chain

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English[edit]

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A metal chain
A chain of daisies
Molecular chain for acrylic

Etymology[edit]

From Middle English chaine, from Old French chaine, chaene ("chain"; Modern French: chaîne), from Latin catēna (chain), from Proto-Indo-European *kat- (to braid, twist; hut, shed). Cognate with North Frisian ketten (chain), Dutch keten (chain), Low German Kede (chain), German Kette (chain), Danish kæde (chain), Swedish kedja (chain), Icelandic keðja (chain).

Pronunciation[edit]

Noun[edit]

chain (plural chains)

  1. A series of interconnected rings or links usually made of metal.
    He wore a gold chain around the neck.
  2. A series of interconnected things.
    a chain of mountains
    a chain of ideas, one leading to the next
    This led to an unfortunate chain of events.
  3. A series of stores or businesses with the same brand name.
    That chain of restaurants is expanding into our town.
  4. (chemistry) A number of atoms in a series, which combine to form a molecule.
    When examined, the molecular chain included oxygen and hydrogen.
  5. (surveying) A series of interconnected links of known length, used as a measuring device.
  6. (surveying) A long measuring tape.
  7. A unit of length equal to 22 yards. The length of a Gunter's surveying chain. The length of a cricket pitch. Equal to 20.12 metres. Equal to 4 rods. Equal to 100 links.
  8. (mathematics, order theory) A totally ordered set, especially a totally ordered subset of a poset.
  9. (UK) A sequence of linked house purchases, each of which is dependent on the preceding and succeeding purchase (said to be "broken" if a buyer or seller pulls out).
  10. That which confines, fetters, or secures; a bond.
    the chains of habit
    • Milton
      Driven down / To chains of darkness and the undying worm.
  11. (nautical, in the plural) Iron links bolted to the side of a vessel to bold the dead-eyes connected with the shrouds; also, the channels.
  12. (weaving) The warp threads of a web.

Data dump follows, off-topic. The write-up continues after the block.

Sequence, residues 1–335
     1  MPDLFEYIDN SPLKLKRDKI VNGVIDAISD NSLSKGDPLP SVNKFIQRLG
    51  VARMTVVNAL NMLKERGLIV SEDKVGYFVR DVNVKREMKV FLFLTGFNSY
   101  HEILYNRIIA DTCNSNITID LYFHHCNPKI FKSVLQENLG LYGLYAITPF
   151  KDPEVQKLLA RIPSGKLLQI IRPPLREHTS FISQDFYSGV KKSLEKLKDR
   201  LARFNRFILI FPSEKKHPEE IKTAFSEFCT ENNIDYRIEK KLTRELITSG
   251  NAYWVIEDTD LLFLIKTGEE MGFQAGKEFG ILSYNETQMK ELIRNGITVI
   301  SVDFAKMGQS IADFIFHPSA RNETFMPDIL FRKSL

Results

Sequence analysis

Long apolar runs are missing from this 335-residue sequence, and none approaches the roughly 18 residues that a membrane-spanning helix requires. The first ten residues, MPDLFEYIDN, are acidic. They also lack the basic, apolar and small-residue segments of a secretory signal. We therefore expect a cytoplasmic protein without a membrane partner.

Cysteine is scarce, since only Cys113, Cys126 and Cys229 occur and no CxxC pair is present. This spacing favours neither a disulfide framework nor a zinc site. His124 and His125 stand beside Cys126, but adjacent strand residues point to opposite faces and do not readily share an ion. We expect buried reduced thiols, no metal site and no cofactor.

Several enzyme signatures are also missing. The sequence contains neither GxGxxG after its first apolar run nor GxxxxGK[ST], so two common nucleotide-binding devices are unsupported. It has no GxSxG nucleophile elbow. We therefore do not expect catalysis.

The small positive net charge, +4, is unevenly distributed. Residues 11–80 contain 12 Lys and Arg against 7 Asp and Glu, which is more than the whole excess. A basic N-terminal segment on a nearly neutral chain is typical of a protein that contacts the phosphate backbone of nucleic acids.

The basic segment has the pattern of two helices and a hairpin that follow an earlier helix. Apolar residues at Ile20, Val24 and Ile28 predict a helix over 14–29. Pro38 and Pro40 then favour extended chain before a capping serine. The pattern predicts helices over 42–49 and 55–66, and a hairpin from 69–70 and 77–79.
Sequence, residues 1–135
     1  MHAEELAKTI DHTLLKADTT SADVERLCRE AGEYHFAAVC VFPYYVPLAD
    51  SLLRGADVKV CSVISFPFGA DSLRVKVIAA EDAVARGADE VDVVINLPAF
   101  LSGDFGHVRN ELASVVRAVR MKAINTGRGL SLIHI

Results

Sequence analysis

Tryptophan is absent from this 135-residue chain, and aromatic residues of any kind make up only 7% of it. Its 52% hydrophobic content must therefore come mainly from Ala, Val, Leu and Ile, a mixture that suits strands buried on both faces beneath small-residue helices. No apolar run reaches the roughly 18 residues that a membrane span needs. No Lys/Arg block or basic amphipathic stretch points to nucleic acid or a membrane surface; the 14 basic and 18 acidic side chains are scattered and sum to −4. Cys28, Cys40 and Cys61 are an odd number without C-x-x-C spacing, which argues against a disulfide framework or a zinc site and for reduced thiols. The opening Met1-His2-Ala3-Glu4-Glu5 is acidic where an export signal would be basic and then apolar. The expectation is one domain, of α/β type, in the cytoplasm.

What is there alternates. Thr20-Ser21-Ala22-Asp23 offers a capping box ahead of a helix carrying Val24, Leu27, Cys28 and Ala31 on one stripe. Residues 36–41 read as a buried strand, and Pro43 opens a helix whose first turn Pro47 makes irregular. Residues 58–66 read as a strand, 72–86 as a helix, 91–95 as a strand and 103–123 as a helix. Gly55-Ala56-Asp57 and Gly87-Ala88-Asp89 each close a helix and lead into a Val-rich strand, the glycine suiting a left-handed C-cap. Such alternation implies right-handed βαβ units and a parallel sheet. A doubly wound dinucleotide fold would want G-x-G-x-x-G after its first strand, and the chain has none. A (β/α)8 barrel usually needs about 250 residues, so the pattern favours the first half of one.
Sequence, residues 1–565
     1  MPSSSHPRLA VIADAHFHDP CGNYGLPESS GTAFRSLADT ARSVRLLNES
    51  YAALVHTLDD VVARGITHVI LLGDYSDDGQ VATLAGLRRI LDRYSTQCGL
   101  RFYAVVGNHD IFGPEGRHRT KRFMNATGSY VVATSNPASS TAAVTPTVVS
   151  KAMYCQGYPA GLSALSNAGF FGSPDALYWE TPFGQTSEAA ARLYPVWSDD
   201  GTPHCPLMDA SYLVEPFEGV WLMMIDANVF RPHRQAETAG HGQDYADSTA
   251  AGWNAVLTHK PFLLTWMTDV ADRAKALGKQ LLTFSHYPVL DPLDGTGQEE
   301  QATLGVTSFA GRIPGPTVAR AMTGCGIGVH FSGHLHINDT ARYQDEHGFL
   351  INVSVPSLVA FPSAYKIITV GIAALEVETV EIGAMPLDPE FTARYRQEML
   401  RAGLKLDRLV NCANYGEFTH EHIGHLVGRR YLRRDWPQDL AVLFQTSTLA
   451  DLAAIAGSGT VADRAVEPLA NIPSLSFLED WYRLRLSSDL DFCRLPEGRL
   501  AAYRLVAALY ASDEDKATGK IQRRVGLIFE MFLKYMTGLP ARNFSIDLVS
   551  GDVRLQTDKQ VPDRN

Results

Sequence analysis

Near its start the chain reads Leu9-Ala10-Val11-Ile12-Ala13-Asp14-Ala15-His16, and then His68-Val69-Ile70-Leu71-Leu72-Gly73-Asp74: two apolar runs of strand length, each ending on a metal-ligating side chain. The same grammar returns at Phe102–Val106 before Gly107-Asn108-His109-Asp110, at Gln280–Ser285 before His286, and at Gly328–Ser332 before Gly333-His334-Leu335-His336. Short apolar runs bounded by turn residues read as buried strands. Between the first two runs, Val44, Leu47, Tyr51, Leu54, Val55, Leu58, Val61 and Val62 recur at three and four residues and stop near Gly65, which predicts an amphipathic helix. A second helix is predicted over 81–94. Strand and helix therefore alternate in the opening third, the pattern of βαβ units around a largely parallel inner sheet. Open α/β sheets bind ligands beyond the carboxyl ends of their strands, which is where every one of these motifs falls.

(Can we find and add a quotation of Knight to this entry?)

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Translations[edit]

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Verb[edit]

chain (third-person singular simple present chains, present participle chaining, simple past and past participle chained)

  1. (transitive) To fasten something with a chain.
  2. (intransitive) To link multiple items together.
  3. (transitive) To secure someone with fetters.
  4. (transitive) To obstruct the mouth of a river etc with a chain.
  5. (computing) To relate data items with a chain of pointers.
  6. (computing) To be chained to another data item.
  7. (transitive) To measure a distance using a 66-foot long chain, as in land surveying.
  8. (transitive, computing, rare, associated with Acorn Computers) To load and automatically run (a program).
    • 1996, "Mr D Walsh", Running two programs from a batch file (on newsgroup comp.sys.acorn.misc)
      How do you get one program to chain another? I want to run DrawWorks2 then !Draw but as soon as you run Drawworks2 it finishes the batch file and doesn't go on to the next instruction! Is there a way without loading one of these automatic loaders?
    • 1998, "Juan Flynn", BBC software transmitted on TV - how to load? (on newsgroup comp.sys.acorn.misc)
      You can do LOAD "" or CHAIN "" to load or chain the next program if I remember correctly (it's been a loooong time since I've used a tape on an Acorn!)
    • 2006, "Richard Porter", SpamStamp double headers (on newsgroup comp.sys.acorn.apps)
      Recent versions of AntiSpam no longer use the Config file but have a Settings file instead, so when I updated the Config file to chain SpamStamp it had no effect as it was a redundant file.

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